A powerful earthquake struck Italy on Sunday in the same central regions that have been rocked by repeated tremors over the past two months, with more buildings brought down but no deaths immediately reported.
The quake, which measured 6.6 according to the U.S. Geological Survey, was bigger than one on Aug. 24 that killed almost 300 people. Many people have fled the region since then, helping to avoid a new devastating death toll.
Its epicentre close to the historic Umbrian walled town of Norcia, some 100 km (60 miles) from the university city of Perugia.
Panicked Norcia residents rushed into the streets and the town’s ancient Basilica of St. Benedict collapsed, leaving just the facade standing. Nuns, monks and locals sank to their knees in the main square in silent prayer before the shattered church.
“This is a tragedy. It is a coup de grace. The basilica is devastated,” Bishop Renato Boccardo of Norcia told Reuters.
“Everyone has been suspended in a never-ending state of fear and stress. They are at their wits end,” said Boccardo, referring to the thousands of tremors that have rattled the area since August, including two serious quakes on Wednesday.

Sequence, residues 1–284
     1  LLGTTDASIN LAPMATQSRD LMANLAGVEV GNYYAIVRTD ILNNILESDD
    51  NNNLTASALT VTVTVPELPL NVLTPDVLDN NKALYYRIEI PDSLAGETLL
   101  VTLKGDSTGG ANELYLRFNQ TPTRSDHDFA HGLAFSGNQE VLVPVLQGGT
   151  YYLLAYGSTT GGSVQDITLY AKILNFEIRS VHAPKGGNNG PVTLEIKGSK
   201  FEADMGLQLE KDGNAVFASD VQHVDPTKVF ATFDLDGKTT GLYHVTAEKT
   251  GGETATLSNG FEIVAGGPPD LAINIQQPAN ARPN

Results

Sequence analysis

Italy’s Civil Protection unit, which coordinates disaster relief, said numerous houses were destroyed on Sunday in the regions of Umbria and Marche, but either they were deserted at the time or most of the residents managed to escape beforehand.
“No deaths have been reported, but there are a number of people injured,” said Civil Protection chief Fabrizio Curcio, adding that just one person was in a serious condition.
Local authorities said towns and villages already battered by August’s 6.2 quake had suffered further significant damage.
“This morning’s quake has hit the few things that were left standing. We will have to start from scratch,” Michele Franchi, the deputy mayor of Arquata del Tronto, told Rai television.